Allogenic bone-marrow transfusion suppresses development of lung metastases in osteogenic sarcoma patients after radical surgery

Int J Cancer. 1993 Jul 30;54(6):907-10. doi: 10.1002/ijc.2910540606.

Abstract

On the basis of experimental data obtained in Syrian hamsters, demonstrating the highly efficient suppression of experimental and spontaneous metastases of highly-metastatic sarcoma cells by the use of allogeneic normal bone-marrow cells (BMC), a clinical protocol for the suppression of lung metastases of osteogenic sarcoma was started in 1984 in the Cancer Research Center, Moscow. From this time onwards, 24 osteogenic sarcoma patients, at stages 2A and 2B were treated with a combination of radical surgery and a single transfusion of normal (non-activated) allogeneic BMC (blood-group and Rhesus compatible). The first results of this ongoing study are now presented. Metastases appeared in 11 out of the 24 patients, generally very early during the first 3-9 months after treatment and in no case after 2 years. More than 50% of the BMC-treated patients were free of lung metastases after 2 or more years of observation; 8 out of 15 are still metastasis-free after 3-4 or more years of observation following treatment. The differences in the frequency of metastasis and duration of survival without metastasis of treated patients compared with a group of 41 osteogenic sarcoma patients at stages 2A and B, treated with radical surgery only (controls) reached significant levels 12 months after treatment and thereafter. Rapid recovery of NK cytotoxic activity has been observed in nearly all successfully BMC-treated patients.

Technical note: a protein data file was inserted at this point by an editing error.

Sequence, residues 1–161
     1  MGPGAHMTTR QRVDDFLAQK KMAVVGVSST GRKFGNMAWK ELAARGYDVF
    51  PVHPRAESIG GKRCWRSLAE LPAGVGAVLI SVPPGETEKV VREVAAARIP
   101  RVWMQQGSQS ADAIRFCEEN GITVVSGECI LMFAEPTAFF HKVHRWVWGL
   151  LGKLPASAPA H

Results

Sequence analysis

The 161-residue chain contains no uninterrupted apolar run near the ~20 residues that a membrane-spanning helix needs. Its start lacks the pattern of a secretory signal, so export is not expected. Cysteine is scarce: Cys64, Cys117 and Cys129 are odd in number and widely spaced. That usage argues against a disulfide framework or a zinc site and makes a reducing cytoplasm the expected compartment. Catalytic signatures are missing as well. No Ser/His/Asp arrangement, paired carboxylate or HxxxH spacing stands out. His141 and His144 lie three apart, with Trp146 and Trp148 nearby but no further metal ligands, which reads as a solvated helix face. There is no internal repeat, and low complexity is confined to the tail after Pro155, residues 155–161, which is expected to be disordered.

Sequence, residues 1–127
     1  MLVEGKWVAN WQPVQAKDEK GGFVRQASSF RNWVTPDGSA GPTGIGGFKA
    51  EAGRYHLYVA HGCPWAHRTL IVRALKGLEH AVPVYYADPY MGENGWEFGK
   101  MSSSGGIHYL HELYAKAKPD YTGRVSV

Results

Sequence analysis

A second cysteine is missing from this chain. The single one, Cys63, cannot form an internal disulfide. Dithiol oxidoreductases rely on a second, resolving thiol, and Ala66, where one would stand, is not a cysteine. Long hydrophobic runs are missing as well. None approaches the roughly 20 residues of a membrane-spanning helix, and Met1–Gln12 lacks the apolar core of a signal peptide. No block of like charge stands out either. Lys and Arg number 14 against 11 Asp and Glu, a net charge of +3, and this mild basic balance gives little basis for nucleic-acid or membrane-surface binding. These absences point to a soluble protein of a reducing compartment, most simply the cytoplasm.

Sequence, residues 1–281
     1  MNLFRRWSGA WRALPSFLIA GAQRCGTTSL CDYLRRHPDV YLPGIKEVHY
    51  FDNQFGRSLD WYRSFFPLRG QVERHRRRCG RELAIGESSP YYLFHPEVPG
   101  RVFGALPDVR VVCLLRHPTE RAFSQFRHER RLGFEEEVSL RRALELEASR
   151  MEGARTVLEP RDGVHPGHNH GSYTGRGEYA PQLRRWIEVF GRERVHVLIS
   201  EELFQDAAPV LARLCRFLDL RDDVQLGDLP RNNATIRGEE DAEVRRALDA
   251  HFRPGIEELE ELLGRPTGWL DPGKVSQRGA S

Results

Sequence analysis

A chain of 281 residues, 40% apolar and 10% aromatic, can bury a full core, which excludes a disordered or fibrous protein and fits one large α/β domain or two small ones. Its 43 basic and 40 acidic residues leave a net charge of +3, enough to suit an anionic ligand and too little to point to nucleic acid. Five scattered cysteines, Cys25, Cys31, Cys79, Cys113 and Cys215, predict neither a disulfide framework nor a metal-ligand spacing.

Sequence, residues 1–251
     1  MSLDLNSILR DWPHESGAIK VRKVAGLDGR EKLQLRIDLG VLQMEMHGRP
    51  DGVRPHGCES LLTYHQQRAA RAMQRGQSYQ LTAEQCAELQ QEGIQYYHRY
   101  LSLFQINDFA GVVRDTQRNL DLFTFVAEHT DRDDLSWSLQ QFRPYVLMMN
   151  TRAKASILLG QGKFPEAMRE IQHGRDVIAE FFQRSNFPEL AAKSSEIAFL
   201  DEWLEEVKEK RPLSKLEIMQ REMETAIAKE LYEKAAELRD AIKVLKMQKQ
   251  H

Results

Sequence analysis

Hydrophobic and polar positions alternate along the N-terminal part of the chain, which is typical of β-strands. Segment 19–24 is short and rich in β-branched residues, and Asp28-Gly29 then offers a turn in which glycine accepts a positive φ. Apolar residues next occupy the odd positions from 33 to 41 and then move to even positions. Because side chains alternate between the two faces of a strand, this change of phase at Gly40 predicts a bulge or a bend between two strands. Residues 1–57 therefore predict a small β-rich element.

MeSH terms

  • Adolescent
  • Adult
  • Bone Marrow Transplantation*
  • Bone Neoplasms / pathology
  • Bone Neoplasms / surgery*
  • Child
  • Combined Modality Therapy
  • Female
  • Humans
  • Lung Neoplasms / prevention & control*
  • Lung Neoplasms / secondary
  • Male
  • Osteosarcoma / secondary
  • Osteosarcoma / surgery*
  • Survival Analysis
  • Transplantation, Homologous